Oxford to update long-range plan

By Errol Castens/NEMS Daily Journal

OXFORD – Residents and officials have begun updating the Lafayette-Oxford-University community’s in-depth “Vision 2020” long-range plan. Aldermen approved $5,000 as seed money for the process last week.
Vision 2020 involved hundreds of community members deciding priorities for the area’s foreseeable future in areas as diverse as civic enrichment, economic development, education, government, housing, land use and transportation and utilities.
A newly appointed steering committee has already met to consider its grandest successes and those where more focus is needed.
“It was extremely positive; there were a lot of smart people in the room,” Mayor Pat Patterson said.
Ward 3 Alderman Janice Antonow added, “What we’re going to do first is take the 1999 ‘Vision 2020’ plan and literally pull apart all the recommendations that were there. There’s a bunch that the city accomplished, and we need to give ourselves credit.”
One of the most obvious successes, Patterson said, was in transportation. Oxford and the University of Mississippi converted part of the abandoned railroad that bisected them into a biking and walking trail and the rest into a desperately needed north-south corridor – Gertrude Ford Boulevard – that connects Molly Barr Road and Old Taylor Road. Oxford has built miles of additional bike lanes in its Pathways plan and is adding even more this summer, and the city and university are nearly four years into the life of a jointly operated transit system.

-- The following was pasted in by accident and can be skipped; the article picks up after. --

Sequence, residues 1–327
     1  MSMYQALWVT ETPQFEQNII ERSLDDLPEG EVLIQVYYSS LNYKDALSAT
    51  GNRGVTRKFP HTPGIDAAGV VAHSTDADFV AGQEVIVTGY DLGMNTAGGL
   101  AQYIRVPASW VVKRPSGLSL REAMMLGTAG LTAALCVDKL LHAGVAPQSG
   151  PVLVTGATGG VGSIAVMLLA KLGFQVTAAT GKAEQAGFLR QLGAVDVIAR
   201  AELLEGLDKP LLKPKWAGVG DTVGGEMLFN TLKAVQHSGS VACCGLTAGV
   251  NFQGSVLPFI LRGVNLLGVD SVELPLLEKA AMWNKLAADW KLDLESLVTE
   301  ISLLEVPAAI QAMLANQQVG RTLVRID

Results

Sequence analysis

While the Toby Tubby Parkway that would have linked Highway 6 West with Highway 314 is apparently off the table, Old Taylor Road’s bridge over Highway 6 is scheduled for four-laning, with roundabouts at both ends. Old Taylor is also slated to be four-laned from Highway 6 to its intersection with Bickerstaff Road as a part of the construction of the new Baptist Memorial Hospital-North Mississippi.
Another highlight from the 2020 plan, Patterson said, was historical preservation. Since its adoption as a guiding principle, Oxford has passed historical preservation ordinances, established and kept two historic preservation commissions, seen the transformation of the L.Q.C. Lamar Home into an impressive museum and is well into the restoration of the Burns Belfry Church.
Other successes include the Ford Center for the Performing Arts, the Powerhouse Arts Center, construction of new schools in both Oxford and Lafayette districts, the sale of no-longer-used faculty houses to low-income families and their relocation.
As the 2040 review develops, community members will be urged again to participate.
“That original (plan) was done with a lot of public input, and this one should be, too,” Antonow said.

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